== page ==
|Número de publicación||US7386708 B2|
|Tipo de publicación||Concesión|
|Número de solicitud||US 11/035,337|
|Fecha de publicación||10 Jun 2008|
|Fecha de presentación||13 Ene 2005|
|Fecha de prioridad||13 Ene 2005|
|También publicado como||US20060156406|
|Número de publicación||035337, 11035337, US 7386708 B2, US 7386708B2, US-B2-7386708, US7386708 B2, US7386708B2|
|Inventores||David Fredrick Bantz, Thomas E. Chefalas, Steven J. Mastrianni, Clifford A. Pickover|
|Cesionario original||Lenovo (Singapore) Pte Ltd.|
|Exportar cita||BiBTeX, EndNote, RefMan|
|Citas de patentes (16), Citada por (4), Clasificaciones (20), Eventos legales (5)|
|Enlaces externos: USPTO, Cesión de USPTO, Espacenet|
1. Technical Field
The present invention relates to computers, computer hardware, and computer software. More particularly, the present invention relates to a system and method for providing a secure hardware personalization service.
2. Description of Related Art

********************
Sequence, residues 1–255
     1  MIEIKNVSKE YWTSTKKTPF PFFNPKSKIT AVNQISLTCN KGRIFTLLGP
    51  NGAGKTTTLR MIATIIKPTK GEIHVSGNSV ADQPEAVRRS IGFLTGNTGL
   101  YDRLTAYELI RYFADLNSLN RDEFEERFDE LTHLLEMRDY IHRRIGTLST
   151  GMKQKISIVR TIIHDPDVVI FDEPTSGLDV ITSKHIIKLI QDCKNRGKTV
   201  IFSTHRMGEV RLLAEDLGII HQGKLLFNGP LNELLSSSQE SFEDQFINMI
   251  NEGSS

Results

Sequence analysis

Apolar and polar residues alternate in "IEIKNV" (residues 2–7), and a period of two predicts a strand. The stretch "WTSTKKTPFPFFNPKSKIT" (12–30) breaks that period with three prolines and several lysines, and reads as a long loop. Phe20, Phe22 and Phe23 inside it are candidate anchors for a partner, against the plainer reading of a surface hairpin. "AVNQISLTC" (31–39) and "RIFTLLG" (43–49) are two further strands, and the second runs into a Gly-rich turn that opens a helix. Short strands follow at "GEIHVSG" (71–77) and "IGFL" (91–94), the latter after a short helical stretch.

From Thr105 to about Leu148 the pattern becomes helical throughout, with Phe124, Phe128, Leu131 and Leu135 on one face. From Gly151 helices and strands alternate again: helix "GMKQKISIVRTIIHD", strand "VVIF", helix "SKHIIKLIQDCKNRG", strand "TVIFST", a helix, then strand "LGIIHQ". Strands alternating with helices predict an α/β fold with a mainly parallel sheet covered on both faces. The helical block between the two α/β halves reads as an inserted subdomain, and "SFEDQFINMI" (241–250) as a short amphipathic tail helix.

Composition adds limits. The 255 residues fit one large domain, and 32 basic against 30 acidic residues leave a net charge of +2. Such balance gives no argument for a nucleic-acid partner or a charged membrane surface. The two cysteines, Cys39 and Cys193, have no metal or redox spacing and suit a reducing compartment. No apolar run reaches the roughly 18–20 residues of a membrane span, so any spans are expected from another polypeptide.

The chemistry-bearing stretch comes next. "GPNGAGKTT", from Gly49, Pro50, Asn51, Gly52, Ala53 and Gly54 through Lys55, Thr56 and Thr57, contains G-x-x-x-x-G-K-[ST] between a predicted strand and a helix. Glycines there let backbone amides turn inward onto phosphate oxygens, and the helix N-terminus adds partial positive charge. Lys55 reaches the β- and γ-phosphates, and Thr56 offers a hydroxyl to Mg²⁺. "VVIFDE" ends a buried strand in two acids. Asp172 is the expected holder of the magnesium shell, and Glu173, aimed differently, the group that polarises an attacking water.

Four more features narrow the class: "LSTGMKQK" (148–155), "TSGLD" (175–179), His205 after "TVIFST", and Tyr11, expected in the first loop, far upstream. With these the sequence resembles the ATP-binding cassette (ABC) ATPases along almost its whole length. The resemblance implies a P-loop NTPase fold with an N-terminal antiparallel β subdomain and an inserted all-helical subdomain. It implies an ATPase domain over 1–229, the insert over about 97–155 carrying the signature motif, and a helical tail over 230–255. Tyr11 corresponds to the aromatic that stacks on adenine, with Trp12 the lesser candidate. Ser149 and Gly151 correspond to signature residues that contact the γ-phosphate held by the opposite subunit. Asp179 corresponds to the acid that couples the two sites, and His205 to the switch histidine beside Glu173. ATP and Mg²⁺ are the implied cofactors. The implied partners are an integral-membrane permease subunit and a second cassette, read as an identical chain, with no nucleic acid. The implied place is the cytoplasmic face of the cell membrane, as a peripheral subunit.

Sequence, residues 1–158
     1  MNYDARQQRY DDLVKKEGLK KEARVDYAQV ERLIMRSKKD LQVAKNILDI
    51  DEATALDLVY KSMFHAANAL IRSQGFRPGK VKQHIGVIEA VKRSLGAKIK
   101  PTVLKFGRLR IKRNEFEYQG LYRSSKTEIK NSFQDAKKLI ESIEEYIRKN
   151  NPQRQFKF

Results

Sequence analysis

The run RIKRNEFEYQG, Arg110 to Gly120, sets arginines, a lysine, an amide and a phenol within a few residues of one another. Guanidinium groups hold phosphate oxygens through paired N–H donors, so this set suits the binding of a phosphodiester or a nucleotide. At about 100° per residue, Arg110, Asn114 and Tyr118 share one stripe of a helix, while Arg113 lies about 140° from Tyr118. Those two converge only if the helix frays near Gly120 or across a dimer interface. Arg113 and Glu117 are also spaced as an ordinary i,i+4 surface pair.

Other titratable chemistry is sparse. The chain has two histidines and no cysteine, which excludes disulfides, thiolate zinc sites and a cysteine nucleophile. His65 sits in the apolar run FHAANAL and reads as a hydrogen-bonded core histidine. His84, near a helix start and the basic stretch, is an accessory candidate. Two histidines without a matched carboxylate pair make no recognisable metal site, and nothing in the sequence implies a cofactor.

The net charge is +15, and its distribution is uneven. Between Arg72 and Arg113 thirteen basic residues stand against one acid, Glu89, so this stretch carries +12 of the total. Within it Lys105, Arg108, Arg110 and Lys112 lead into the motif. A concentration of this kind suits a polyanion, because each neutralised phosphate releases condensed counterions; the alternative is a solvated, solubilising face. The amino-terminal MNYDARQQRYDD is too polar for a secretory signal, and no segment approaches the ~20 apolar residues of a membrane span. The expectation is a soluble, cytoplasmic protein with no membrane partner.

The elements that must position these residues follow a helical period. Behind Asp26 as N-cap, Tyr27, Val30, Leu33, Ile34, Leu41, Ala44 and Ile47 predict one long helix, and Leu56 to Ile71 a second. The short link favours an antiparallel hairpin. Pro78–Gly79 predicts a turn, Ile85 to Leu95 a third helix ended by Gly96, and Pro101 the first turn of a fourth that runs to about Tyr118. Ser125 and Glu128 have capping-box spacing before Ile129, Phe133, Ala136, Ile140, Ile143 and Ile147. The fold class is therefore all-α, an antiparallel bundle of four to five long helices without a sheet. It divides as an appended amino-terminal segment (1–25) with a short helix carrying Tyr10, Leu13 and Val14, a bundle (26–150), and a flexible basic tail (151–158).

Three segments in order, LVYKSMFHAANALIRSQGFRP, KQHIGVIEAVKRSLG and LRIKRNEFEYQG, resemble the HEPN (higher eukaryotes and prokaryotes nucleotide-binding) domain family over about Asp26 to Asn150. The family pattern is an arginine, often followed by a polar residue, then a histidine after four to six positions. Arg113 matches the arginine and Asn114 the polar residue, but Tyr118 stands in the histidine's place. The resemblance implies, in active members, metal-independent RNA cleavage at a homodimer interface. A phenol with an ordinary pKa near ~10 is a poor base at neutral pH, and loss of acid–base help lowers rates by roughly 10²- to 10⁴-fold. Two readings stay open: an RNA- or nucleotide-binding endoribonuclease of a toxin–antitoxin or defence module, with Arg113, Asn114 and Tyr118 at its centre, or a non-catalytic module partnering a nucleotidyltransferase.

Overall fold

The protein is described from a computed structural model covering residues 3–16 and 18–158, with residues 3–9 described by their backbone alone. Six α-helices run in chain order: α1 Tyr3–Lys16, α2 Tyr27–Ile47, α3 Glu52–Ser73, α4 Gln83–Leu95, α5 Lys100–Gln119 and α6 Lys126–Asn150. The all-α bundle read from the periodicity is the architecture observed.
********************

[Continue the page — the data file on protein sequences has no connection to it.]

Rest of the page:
As personal computing becomes more data-intensive in a security conscious environment, traditional means of assuring data integrity and security are proving inadequate. Antivirus scans may take all night, disk integrity checks may take most of a day and the encryption of large blocks of data can take more than a day. Indexing and search of large volumes of data is already computationally burdensome and is likely to get more so as search extends to visual and audible media. This trend is exacerbated by increasing disk sizes, driven in turn by diverse media. At the same time, viruses, trojans, and denial-of-service attacks are increasing in frequency and sophistication. High-volume Web servers are already turning to specialized hardware (e.g., SSL accelerators) to handle this problem, but the personal computing environment is too price-sensitive and too diverse in usage models to find single-purpose solutions acceptable.